The St Germain Neighbourhood Guide
St Germain is one of the most quintessentially Parisian parts of town. Antique stores are brimming with old-world maps, upmarket clothing boutiques sell one-off pieces and bookstores are overflowing with hardback copies. The treasures to be found within the narrow, cobbled streets are endless. It’s little wonder that it’s the very first place I bring visiting friends and relatives. After one day in this enchanting area, they are convinced they will soon be packing up their lives and joining me in Paris for good and I hope you will too after uncovering the neighbourhood with this guide.
Good coffee is conducive to a productive day of sightseeing. Start your day right at this speciality coffee shop because a strong dose of caffeine will be just what you need to uncover every corner of St Germain.
47 Rue de Babylone, 75007 Paris
Le Bon Marché
Le Bon Marché is the oldest department store in Paris but you would never know judging by it’s modern interior showcasing a multitude of high-end brands. This is where Parisians come to do their shopping so if you want to look as effortlessly chic as the French, look no further than le Bon Marché.
24 Rue de Sèvres, 75007 Paris
The Pagode is one of a kind. This Japanese-inspired building is home to an art house cinema showing old films. After the screening be sure to have a pot of oriental tea in the beautiful, leafy garden.
57 bis rue de Babylone, 75007, Paris
Rue du Bac
Rue du Bac is one of the more authentic streets in Paris lined with colourful doors and classic Parisian establishments. A few places not to be missed are the extravagant chocolatier Chapon selling dark chocolate made from cocoa beans all over the world, the elaborate pastry shop Pâtisserie des Rêves and the cheese mongers Androuet.
Deyrolle is a legendary taxidermy boutique exhibiting animals of every size from tiny turquoise butterflies to enormous arctic polar bears. Entering into this mysterious shop is somewhat of an expedition where you can get up close to all of the weird and wonderful creatures. Everything is purchasable, so you can leave with a zebra in toe if you fancy, albeit a stuffed one.
46 Rue du Bac, 75007 Paris
Jardin du Luxembourg
This garden is one of the prettiest open spaces in Paris with potted flowers and green chairs aplenty. Whichever direction you look you’ll spot people enjoying the day, be it old men playing pétanque, live bands at the pavilion or children having fun with the model sail boats.
An enchanting square framed by exclusive shops, trees and the magnificent St Sulpice church. This used to be my favourite haunt in the entire city. I would sit on ones of the benches and watch the world go by dipping in and out of a good book.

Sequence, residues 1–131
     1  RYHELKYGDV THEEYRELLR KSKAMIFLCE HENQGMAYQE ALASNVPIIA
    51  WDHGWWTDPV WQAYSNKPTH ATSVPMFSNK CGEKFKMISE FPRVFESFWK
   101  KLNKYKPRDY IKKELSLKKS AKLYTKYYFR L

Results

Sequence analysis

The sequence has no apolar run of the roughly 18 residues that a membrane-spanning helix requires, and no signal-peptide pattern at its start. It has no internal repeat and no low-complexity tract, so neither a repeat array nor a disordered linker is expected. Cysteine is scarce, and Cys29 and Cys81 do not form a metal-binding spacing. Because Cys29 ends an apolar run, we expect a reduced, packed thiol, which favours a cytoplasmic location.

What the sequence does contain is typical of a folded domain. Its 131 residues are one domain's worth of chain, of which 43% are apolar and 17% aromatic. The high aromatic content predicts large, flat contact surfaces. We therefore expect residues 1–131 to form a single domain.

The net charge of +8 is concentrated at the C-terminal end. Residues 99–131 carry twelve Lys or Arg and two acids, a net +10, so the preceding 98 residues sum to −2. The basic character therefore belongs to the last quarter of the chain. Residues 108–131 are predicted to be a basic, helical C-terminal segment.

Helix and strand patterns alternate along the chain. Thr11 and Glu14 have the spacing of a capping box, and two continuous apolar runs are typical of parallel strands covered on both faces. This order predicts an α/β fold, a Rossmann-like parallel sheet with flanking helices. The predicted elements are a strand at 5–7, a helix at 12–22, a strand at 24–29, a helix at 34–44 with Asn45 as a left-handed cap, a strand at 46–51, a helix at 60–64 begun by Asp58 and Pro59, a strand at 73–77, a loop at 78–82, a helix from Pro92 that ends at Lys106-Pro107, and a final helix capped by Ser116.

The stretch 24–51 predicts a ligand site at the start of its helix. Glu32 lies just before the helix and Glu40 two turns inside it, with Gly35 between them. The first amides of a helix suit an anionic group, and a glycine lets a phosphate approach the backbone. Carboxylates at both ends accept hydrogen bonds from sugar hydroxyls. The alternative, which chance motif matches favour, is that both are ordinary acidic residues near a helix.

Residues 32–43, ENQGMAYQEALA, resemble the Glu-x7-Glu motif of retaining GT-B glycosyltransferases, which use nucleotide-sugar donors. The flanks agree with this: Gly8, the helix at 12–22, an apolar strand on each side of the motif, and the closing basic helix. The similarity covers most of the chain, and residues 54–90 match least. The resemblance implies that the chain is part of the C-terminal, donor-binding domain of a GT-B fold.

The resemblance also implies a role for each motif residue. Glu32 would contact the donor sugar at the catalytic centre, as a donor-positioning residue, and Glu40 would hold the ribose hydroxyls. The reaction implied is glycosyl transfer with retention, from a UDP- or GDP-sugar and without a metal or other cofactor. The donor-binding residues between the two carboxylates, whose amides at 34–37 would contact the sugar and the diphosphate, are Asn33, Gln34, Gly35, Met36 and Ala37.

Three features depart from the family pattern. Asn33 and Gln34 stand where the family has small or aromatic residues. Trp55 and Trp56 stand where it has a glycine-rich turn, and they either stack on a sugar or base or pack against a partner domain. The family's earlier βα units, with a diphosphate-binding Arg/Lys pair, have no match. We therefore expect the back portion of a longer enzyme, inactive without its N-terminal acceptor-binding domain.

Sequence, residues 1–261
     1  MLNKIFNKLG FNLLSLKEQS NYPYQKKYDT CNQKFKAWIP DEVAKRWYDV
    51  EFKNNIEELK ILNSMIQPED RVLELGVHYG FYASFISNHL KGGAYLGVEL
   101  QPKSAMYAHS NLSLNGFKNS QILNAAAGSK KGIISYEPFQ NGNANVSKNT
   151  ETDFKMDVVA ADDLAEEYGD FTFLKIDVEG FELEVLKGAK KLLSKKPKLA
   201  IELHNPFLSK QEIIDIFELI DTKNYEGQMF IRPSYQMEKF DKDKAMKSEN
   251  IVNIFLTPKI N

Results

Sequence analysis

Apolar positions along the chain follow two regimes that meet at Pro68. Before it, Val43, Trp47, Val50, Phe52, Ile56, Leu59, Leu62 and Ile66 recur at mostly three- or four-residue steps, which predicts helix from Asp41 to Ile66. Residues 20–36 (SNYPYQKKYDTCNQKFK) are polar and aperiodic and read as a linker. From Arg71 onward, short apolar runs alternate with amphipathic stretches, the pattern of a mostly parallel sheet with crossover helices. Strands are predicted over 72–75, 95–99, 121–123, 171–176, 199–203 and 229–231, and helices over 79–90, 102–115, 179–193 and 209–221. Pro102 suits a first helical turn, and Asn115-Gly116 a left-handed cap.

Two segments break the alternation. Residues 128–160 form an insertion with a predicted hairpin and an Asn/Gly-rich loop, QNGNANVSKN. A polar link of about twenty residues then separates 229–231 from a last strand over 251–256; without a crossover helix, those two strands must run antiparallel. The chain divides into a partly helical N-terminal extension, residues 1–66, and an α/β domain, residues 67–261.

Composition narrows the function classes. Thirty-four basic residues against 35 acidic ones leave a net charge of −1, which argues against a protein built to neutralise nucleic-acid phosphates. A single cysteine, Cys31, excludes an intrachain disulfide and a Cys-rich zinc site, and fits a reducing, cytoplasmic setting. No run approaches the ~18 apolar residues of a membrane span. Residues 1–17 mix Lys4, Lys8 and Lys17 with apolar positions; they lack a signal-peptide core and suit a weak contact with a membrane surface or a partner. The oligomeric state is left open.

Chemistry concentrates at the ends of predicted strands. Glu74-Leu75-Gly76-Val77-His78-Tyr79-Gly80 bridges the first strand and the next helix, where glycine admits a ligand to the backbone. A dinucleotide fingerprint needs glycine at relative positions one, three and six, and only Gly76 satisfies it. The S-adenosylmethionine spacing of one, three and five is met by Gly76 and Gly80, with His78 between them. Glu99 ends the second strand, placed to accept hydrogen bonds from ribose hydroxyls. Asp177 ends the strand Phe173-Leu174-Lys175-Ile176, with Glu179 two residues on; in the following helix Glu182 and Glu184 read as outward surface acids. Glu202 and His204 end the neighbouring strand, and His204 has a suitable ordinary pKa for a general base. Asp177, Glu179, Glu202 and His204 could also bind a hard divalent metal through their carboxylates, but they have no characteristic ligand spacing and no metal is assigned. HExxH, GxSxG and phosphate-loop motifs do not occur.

Another of my favourite streets in the city but then again St Germain really is bursting with great ones. Rue Bonaparte is a shopper’s paradise with all of the most elegant boutiques converging around St Sulpice.
A trip to Paris is not complete without a pit stop at this famed pastry shop. The flagship store is in St Germain, so whilst you’re in the area, stop by for a box of deliciously unusual macarons.
72 Rue Bonaparte, 75006 Paris
Lunch at Café de Flore
Sit on the terrace in the heart of St Germain and watch Parisians go about their daily life. One of their fluffy omelets served alongside a café crème comes highly recommended.
172 Boulevard Saint-Germain, 75006 Paris
Shakespeare & Co.
This bookshop is bursting to the seams with interesting reads and with multiple rooms you could spend hours perusing the shelves. A favourite amongst expats in Paris due to the wide selection of English books on offer.
37 Rue de la Bûcherie, 75005 Paris
This preppy café/ restaurant is an extension of the American fashion house Ralph Lauren. The terrace is located just behind the shop and is decorated with tartan chairs and blankets to match in case you get cold. The best thing has to be the homemade toffee popcorn which is complimentary with any drink you purchase.
173 Boulevard Saint-Germain, 75006
The gelato from Grom is better than the real thing. But that’s probably because this gelateria originates from Italy, but thank goodness they brought their expertise to Paris. The pistachio and dulce de leche are second to none.
81 Rue de Seine, 75006 Paris
Rue de Seine
This street is a food lover’s heaven. With all of the famed pastry shops finding their place in the neighbourhood, a fair few have taken up residence along this road, Gerard Mulot and Pierre Marcolini are just a couple.
The Diptyque candle has become something of a fashion statement both inside and out of France. The classic design and beautiful scent make for an exemplary candle and a must-buy when in Paris.
34 Boulevard Saint-Germain, 75005, Paris
Photography and words by Faye Bullock